With the show not exactly being the cheapest – premium tickets have now apparently broken the £200 mark for Saturday nights – it hasn’t been easy to find the optimum opportunity to go back (or taken my chances on their lottery). Until now that is, when a rare deal popped into my Twitter feed courtesy of @BargainTheatre and a £40 ticket on the end of row B in the stalls saw me making the trip once again to the Prince of Wales theatre, unencumbered by expectation or excitement and much more able to take in Trey Parker, Robert Lopez and Matt Stone’s show on its own merits. Continue reading “Review: The Book of Mormon, Prince of Wales”
“Manipulation, that’s the technique,
This conversation must not leak”
It’s a curious thing, to take a relatively obscure figure, base a musical on him that is then named after him, yet leave a vacuum where his central presence ought to be the driving force. For all that Andrew Lloyd Webber, Don Black and Christopher Hampton place the character of Stephen Ward at the centre of Stephen Ward the Musical, he remains far too inscrutable, far too unexplored for us to buy into the main premise of the show which is that Ward, who committed suicide after being made the scapegoat for the Profumo scandal of 1963, is a tragic victim of Establishment hypocrisy.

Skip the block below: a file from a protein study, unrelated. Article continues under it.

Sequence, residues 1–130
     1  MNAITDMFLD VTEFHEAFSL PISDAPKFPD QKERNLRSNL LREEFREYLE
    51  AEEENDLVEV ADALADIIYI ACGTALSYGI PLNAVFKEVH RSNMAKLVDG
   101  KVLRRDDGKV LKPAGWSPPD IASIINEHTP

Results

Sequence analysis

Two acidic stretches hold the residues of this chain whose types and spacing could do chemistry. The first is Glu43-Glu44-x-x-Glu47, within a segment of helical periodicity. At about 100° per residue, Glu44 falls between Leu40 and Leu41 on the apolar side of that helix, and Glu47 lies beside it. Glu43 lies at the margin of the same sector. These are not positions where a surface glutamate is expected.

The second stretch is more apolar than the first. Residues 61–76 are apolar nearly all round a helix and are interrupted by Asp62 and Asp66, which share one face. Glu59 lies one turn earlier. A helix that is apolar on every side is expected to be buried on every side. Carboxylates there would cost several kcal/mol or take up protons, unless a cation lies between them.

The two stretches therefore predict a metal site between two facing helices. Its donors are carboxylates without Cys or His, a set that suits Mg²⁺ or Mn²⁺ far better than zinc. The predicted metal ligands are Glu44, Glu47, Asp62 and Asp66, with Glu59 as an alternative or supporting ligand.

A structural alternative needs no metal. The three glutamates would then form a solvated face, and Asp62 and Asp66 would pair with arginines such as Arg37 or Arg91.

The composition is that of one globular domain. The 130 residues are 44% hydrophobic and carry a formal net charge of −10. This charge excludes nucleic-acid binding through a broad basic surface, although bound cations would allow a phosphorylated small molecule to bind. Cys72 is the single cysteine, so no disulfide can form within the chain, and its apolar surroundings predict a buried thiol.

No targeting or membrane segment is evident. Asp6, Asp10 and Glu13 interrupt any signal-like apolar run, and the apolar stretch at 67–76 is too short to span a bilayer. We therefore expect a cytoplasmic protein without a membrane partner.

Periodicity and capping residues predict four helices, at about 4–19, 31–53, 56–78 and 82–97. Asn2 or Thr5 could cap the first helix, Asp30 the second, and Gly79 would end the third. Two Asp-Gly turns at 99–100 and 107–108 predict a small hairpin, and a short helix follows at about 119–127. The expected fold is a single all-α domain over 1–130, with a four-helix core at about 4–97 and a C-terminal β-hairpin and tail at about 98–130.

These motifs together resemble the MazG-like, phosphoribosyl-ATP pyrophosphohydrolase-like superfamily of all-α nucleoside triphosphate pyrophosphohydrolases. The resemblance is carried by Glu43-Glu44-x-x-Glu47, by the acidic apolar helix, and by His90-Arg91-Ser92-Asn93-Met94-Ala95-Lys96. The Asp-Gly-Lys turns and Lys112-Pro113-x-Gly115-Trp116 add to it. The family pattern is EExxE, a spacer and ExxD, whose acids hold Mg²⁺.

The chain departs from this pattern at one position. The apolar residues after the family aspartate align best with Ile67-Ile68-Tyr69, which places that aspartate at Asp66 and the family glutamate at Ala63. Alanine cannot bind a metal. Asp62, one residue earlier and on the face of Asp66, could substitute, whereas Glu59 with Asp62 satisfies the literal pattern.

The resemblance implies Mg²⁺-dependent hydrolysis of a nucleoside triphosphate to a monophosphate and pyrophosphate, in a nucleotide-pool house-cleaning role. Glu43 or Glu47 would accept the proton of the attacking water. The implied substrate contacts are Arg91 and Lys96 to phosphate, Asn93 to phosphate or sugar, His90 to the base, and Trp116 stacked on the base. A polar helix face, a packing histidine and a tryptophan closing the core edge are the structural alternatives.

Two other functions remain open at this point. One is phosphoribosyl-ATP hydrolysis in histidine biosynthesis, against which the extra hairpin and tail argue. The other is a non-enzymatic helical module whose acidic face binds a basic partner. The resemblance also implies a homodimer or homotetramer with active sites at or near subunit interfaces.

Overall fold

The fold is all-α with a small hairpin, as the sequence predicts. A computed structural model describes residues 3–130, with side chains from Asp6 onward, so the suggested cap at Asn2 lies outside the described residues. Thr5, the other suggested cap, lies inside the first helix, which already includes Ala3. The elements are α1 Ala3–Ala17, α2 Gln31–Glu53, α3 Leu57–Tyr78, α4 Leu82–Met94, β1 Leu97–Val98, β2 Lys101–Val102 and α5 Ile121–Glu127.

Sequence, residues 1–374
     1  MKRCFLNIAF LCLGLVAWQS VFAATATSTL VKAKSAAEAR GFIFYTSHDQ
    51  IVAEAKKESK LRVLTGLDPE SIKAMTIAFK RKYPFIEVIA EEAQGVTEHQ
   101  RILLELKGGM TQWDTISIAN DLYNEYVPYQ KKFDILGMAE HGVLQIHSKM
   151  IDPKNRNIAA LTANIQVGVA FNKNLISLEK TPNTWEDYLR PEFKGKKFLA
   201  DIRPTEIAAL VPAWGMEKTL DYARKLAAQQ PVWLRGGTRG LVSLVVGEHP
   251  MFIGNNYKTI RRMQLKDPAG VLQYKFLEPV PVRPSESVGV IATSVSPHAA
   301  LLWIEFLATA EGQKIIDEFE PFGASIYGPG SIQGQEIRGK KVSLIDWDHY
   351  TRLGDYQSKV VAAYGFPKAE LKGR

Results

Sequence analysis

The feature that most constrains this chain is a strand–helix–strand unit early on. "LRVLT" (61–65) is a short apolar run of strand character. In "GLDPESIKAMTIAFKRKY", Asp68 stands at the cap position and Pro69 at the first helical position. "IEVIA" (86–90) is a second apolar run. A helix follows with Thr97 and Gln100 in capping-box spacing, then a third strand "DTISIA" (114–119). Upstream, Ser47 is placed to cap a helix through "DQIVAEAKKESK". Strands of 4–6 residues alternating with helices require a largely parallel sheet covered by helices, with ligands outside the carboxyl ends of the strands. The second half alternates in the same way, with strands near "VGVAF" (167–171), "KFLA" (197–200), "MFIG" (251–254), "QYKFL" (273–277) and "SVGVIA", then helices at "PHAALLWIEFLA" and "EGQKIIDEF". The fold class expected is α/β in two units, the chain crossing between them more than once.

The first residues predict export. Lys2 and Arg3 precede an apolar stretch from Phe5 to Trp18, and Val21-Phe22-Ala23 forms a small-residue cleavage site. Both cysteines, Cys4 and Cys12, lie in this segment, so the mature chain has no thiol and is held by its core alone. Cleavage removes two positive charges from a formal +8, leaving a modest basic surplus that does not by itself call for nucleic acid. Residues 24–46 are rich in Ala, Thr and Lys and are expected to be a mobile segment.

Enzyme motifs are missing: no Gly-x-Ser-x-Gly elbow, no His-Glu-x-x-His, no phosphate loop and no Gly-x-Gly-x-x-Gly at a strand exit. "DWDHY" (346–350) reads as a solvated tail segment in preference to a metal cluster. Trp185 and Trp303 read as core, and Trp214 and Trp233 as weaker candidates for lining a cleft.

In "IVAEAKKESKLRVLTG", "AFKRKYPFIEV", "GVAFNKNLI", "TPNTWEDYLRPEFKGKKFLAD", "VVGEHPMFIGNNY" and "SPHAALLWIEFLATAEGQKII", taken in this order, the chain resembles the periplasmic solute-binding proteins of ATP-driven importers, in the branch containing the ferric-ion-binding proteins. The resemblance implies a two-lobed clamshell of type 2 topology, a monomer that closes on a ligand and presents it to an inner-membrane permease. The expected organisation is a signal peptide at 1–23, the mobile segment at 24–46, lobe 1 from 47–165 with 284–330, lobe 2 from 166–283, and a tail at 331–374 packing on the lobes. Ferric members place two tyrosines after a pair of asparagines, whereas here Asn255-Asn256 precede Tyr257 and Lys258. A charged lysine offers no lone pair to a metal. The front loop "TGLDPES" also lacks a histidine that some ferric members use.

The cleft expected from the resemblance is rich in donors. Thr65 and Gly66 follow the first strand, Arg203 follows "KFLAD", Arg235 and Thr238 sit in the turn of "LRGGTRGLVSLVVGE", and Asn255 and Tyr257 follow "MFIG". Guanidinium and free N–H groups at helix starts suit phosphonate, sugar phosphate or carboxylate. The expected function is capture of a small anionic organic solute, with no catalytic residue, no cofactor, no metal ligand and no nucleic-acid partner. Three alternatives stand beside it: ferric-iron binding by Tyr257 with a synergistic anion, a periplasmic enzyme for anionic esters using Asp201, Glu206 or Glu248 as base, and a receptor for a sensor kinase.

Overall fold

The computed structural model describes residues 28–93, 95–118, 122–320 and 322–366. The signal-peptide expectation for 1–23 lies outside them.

But for all Alexander Hanson’s sterling efforts as the osteopath-turned-social fixer who engineered the first meeting of Secretary of State for War John Profumo and wannabe showgirl Christine Keeler, the show suffers from making him narrator as well as protagonist. So he is lumped with huge swathes of exposition, made increasingly worthy due to a slavish attention to real-life events, as a huge cast of characters flash by momentarily in the service of telling a story, but leave us none the wiser as to what Ward was like as a person, what motivated him, what moved him. Continue reading “Review: Stephen Ward The Musical, Aldwych”
“Just knock three times and whisper low, that you and I were sent by Joe”
Old Broadway classics seem to flourish in the rarefied air of West Sussex and it is hard to shake the feeling that Chichester has done it again with a revival of The Pajama Game. No stranger to big American musicals, director Richard Eyre demonstrates the surest of touches to keep the improbable subject matter – the trials of working life in a pyjama factory – anchored in a world that we always care about and is aided by the kind of score that feels recognisable even if you think you haven’t heard it before. Richard Adler and Jerry Ross’ score is full of fantastic old school tunes like Hey There (You with the Stars in your Eyes) and Steam Heat and two of the songs were actually written by Frank Loesser, although uncredited.